Sukhet, Dec 5 : Raute community’s Mahamukhiya (the Main Chief) Mahin Bahadur Shahi is lately very concerned over the members of his community being taken ill at a staggering rate. According to him, every other hut in his locality has a member down with infections as fever or dysentery or common cold.
Rautes are the hunting and gathering nomadic tribe in Nepal. The habitat of the Raute population-estimated to be 180 or roughly 52 families -is mostly the forest areas of the mid-western part of the country, according to a study conducted by the UNDP in 2011.
Known as a ‘King of Forest’, these tribal people prefer to live in isolation in the woods and earn their livelihood by bartering their wooden pottery and traditional crafts for food-grains with the local people.
The 66-year-old Shahi, who has been the Head of his community for a long time, voiced his concern about the growing cases of ailments catching his subjects.
The elderly Raute said, “Earlier we used get injured by falling from the cliff during our hunting activities. We used to apply herbal medicines in the wound or in case of falling sick. Minor ailments were easily cured by the local herbs but lately our people are stricken with malady.”
The increasing cases of communicable diseases among the Rautes in other groups are also a cause for concern for their Heads. Head Surya Narayan Shahi for instance is also brooding over how the communicable diseases are taking a toll on his people.
He said, “Our people contracting various kinds of communicable diseases is the most pressing concern for us. It would be difficult to survive if my people continue to fall sick.”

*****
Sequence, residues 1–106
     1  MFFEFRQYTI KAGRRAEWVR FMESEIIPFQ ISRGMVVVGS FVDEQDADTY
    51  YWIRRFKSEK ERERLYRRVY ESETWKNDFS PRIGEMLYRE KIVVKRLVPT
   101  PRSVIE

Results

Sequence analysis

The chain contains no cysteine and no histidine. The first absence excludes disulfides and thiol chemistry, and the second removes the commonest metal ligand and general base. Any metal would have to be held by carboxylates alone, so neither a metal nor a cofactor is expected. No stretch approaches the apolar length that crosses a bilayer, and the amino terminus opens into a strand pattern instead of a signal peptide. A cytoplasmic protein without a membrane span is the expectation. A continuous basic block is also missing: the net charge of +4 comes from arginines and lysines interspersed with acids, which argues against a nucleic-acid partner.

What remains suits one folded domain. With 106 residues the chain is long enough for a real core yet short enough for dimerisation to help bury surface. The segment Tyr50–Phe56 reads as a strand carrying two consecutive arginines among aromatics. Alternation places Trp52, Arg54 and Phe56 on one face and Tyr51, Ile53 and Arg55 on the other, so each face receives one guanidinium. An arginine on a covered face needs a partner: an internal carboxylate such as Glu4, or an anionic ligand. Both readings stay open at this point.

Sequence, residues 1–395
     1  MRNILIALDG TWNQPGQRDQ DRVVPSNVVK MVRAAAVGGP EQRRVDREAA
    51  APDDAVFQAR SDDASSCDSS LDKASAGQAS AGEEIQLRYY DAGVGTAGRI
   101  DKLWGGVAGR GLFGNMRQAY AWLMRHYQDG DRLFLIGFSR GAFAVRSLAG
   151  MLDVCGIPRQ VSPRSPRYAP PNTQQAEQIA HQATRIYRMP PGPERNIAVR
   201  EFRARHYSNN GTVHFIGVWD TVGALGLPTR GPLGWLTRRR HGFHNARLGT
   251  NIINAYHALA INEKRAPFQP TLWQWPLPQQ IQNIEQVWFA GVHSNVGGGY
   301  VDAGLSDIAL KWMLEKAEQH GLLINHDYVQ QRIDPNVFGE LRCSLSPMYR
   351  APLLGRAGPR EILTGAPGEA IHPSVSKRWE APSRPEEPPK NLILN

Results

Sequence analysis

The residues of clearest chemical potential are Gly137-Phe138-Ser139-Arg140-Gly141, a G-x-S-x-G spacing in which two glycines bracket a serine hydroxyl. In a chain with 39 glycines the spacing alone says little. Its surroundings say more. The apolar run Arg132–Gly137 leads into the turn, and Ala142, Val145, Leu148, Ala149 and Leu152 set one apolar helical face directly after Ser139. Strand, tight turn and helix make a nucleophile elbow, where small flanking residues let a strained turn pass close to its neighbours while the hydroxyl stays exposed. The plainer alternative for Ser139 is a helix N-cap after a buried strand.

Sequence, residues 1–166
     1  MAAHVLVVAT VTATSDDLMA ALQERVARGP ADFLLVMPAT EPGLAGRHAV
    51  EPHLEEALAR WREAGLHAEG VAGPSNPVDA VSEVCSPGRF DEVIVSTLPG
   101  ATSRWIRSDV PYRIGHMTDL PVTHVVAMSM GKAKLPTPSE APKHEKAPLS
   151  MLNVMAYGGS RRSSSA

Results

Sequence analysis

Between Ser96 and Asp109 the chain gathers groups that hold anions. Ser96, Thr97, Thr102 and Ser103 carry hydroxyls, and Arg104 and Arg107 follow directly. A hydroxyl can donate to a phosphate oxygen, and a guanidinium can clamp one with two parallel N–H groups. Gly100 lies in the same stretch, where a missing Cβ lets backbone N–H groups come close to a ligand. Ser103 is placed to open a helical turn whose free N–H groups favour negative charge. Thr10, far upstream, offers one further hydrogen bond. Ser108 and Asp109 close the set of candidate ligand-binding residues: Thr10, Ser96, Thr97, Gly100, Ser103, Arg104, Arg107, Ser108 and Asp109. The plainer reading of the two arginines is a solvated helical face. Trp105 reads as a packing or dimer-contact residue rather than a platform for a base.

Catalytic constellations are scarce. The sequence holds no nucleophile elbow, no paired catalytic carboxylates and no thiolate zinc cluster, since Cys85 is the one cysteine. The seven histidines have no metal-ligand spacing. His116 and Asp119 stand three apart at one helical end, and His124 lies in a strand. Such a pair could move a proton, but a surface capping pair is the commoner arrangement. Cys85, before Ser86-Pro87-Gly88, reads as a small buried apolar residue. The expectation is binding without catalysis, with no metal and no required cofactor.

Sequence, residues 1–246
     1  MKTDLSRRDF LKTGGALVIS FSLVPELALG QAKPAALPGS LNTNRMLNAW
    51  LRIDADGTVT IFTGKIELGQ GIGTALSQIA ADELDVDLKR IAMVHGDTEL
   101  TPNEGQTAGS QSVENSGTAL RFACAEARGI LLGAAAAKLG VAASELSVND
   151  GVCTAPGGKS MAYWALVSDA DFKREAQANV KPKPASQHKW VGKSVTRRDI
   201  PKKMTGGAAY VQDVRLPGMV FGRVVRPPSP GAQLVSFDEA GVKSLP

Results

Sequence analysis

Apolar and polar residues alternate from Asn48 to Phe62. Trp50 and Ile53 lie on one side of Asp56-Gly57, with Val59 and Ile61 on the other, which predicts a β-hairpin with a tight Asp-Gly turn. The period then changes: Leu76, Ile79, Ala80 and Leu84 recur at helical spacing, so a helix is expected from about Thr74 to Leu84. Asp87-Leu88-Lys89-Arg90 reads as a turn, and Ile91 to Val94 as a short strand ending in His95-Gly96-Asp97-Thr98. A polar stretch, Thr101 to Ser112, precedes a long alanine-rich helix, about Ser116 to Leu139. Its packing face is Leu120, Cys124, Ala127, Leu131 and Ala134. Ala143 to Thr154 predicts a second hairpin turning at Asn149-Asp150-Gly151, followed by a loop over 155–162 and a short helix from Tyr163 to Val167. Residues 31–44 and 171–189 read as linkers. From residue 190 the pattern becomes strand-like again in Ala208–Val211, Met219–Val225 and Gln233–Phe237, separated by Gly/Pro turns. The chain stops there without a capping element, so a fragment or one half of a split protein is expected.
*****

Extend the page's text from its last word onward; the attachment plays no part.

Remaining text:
According to him, the Rautes prefer living in their traditional nomadic ways and do not trust modern medicines. He explained, “We do not want to visit the Hospitals. It is made for others. We ought to be cured by herbs.”
After living years in isolation, the endangered tribal community who does not believe in permanent settlement has recently migrated to Jyamire Jungle of Lekbeshi Municipality in Surkhet. There are 141 members from this tribe residing in altogether 42 huts in this settlement.
The Rautes who used to deny any modern apparels and preferred to put on ‘Ghalek’, their tribal dress worn half nakedly, were immune to the side-effects emanating from the excessive hot or cold weather. But lately, as Head Surya Narayan put it, the Rautes were easily affected by extremes in the weather.
As the winter is setting in, they fill chill in the air and unable to remain immune to the seasonal flu occurring with the change in the weather.
They are also worried about the loss of their identity due to their increasing exposure to modernization. They lament about the increasing level of deforestation due to rapid expansion of human settlements.
They shared that due to deforestation, their staple food such as geetha, byakur and guna baandar, are depleting while their traditional occupation- making wooden utensils and hunting monkey and birds only- were not sufficient for them lately to manage two square meals.
The Rautes who only drink water from spring are worried about the drying rivers and ponds.
Raute Utthan Pratisthan President Satyadevi Adhikari said that due to the changing lifestyle and climate change, a majority of the Rautes were contracting infections lately.
“In a way, the Rautes are striving to save their lives,” argued Adhikari, warning,” If this trend continues, it would not take longer for the Rautes to be on verge of extinction.”
The premature death was rife among the Rautes due to various reasons. According to Adhikari, although the Rautes were trying to get into the modern ways of life like other communities, they are unable to leave behind their primitive lifestyle and values.
Another cause for concern is the decreasing population of the Rautes. Earlier, as Surya Narayan narrated, the Rautes used to die in natural calamities or falling off cliffs unlike the recent times but lately even an infection or ailment as viral fever, pneumonia and dysentery could claim their lives in no time.